• If you paraphrase the source and don’t mention the author in the text: Young adults experienced increased levels of loneliness, depression, and anxiety during the pandemic (Horigian et al., 2021).
  • If you quote the source: As Horigian et al. (2021) point out, there were “elevated levels of loneliness, depression, anxiety, alcohol use, and drug use among young adults during COVID-19” (p. 6).

Note that your in-text citations should include “et al.,” as in the examples above, if your article has 3 or more authors. If you have one or two authors, your in-text citations would look like this:

  • One author: “According to Smith (2020), depression is…” or “Depression is … (Smith, 2020).”
  • Two authors: “According to Smith and Brown (2020), anxiety means…” or “Anxiety means (Smith & Brown, 2020).”

Finally, in case you have to review a book or a website article, here are the general formats for citing these source types on your APA reference list.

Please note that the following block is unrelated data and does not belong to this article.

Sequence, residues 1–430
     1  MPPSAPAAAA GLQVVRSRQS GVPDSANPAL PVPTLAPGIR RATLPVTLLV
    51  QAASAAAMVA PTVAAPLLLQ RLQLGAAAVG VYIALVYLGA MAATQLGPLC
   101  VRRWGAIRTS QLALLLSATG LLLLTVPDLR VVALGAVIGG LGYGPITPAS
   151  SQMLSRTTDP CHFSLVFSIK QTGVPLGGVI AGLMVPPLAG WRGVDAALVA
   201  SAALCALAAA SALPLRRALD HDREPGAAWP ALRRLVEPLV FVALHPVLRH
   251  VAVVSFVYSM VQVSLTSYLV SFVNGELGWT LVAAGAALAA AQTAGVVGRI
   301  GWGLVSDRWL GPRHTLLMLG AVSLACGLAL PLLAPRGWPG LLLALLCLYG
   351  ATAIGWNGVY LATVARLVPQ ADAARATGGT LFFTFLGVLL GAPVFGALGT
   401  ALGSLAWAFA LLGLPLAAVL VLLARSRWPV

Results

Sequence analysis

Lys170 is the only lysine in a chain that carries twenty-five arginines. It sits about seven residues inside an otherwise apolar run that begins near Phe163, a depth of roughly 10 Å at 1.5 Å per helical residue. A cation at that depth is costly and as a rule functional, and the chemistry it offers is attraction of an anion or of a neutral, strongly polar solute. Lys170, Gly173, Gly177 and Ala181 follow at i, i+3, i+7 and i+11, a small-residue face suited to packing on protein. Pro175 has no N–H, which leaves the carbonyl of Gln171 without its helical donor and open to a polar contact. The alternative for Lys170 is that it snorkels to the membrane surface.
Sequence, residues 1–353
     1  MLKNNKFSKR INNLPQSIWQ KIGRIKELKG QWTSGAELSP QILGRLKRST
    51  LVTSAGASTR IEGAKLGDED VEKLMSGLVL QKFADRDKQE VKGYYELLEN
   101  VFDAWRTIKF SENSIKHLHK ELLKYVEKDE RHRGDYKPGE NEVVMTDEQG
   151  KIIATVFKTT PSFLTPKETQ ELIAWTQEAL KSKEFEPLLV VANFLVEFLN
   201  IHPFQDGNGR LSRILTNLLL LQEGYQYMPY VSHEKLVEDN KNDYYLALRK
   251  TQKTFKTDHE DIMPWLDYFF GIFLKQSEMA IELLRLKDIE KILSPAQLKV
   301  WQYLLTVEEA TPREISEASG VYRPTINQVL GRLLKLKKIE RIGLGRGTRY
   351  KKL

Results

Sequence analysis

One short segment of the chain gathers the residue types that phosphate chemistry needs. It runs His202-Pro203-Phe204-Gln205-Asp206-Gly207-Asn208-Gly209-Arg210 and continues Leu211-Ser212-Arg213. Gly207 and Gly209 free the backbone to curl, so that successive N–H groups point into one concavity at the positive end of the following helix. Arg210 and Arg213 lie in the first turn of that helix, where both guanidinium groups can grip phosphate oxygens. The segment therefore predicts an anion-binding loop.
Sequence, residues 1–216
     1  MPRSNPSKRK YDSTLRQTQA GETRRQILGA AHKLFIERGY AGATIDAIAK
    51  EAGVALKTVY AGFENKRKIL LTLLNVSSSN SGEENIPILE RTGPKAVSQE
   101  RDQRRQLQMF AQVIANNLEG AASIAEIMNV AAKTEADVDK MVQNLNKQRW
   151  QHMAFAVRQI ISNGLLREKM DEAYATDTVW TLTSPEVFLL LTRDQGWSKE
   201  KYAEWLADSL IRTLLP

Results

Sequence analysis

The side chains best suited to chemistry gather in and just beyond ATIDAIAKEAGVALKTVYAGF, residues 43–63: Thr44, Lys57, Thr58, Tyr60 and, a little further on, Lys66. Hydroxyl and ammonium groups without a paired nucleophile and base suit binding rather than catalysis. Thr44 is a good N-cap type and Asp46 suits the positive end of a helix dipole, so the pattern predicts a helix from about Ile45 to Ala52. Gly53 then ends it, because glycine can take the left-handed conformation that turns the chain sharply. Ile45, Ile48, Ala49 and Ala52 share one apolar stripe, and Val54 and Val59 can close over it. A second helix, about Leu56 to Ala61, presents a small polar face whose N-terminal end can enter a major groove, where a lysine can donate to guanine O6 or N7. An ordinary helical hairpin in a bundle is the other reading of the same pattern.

Book in APA Author’s last name, First initial. Middle initial. (Year). Book title: Subtitle. Publisher.
Website article in APA Author’s last name, First initial. Middle initial. (Year). Website page title. Name of Website. URL.

Article Review in MLA

If your assignment requires MLA-format referencing, here’s the general format you should use for citing journal articles on your Works Cited page:

  • Author’s last name, First name. “Title of an Article.” Title of the Journal, vol. #, no. #, year, pp. #-#.

Example:

Horigian, Viviana E., et al. “Loneliness, Mental Health, and Substance Use Among US Young Adults During COVID-19.” Journal of Psychoactive Drugs, vol. 53, no. 1, 2021, pp. 1-9.

In-text citations in the MLA format follow the author-page citation format and look like this:

  • According to Horigian et al., young adults experienced increased levels of loneliness, depression, and anxiety during the pandemic (6).